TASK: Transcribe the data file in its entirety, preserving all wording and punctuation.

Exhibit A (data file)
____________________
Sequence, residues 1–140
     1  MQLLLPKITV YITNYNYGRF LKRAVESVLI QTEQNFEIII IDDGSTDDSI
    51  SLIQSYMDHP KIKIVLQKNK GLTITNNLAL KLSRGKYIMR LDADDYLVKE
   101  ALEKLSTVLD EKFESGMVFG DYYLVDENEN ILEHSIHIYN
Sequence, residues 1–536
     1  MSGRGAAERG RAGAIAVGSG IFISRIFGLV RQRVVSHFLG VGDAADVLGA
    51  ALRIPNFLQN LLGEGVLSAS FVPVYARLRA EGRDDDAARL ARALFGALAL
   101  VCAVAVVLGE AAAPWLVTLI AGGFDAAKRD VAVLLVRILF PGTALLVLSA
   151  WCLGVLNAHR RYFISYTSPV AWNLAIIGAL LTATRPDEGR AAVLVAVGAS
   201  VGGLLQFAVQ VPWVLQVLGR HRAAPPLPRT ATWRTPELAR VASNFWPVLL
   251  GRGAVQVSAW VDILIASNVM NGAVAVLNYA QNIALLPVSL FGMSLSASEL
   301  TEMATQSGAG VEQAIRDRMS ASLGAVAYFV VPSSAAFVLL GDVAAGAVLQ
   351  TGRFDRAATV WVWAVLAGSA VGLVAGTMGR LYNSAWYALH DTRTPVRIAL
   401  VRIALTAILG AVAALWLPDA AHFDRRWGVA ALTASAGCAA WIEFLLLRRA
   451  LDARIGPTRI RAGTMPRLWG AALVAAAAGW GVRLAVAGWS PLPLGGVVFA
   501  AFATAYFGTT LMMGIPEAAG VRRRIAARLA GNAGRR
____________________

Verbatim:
Sequence, residues 1–140
     1  MQLLLPKITV YITNYNYGRF LKRAVESVLI QTEQNFEIII IDDGSTDDSI
    51  SLIQSYMDHP KIKIVLQKNK GLTITNNLAL KLSRGKYIMR LDADDYLVKE
   101  ALEKLSTVLD EKFESGMVFG DYYLVDENEN ILEHSIHIYN
Sequence, residues 1–536
     1  MSGRGAAERG RAGAIAVGSG IFISRIFGLV RQRVVSHFLG VGDAADVLGA
    51  ALRIPNFLQN LLGEGVLSAS FVPVYARLRA EGRDDDAARL ARALFGALAL
   101  VCAVAVVLGE AAAPWLVTLI AGGFDAAKRD VAVLLVRILF PGTALLVLSA
   151  WCLGVLNAHR RYFISYTSPV AWNLAIIGAL LTATRPDEGR AAVLVAVGAS
   201  VGGLLQFAVQ VPWVLQVLGR HRAAPPLPRT ATWRTPELAR VASNFWPVLL
   251  GRGAVQVSAW VDILIASNVM NGAVAVLNYA QNIALLPVSL FGMSLSASEL
   301  TEMATQSGAG VEQAIRDRMS ASLGAVAYFV VPSSAAFVLL GDVAAGAVLQ
   351  TGRFDRAATV WVWAVLAGSA VGLVAGTMGR LYNSAWYALH DTRTPVRIAL
   401  VRIALTAILG AVAALWLPDA AHFDRRWGVA ALTASAGCAA WIEFLLLRRA
   451  LDARIGPTRI RAGTMPRLWG AALVAAAAGW GVRLAVAGWS PLPLGGVVFA
   501  AFATAYFGTT LMMGIPEAAG VRRRIAARLA GNAGRR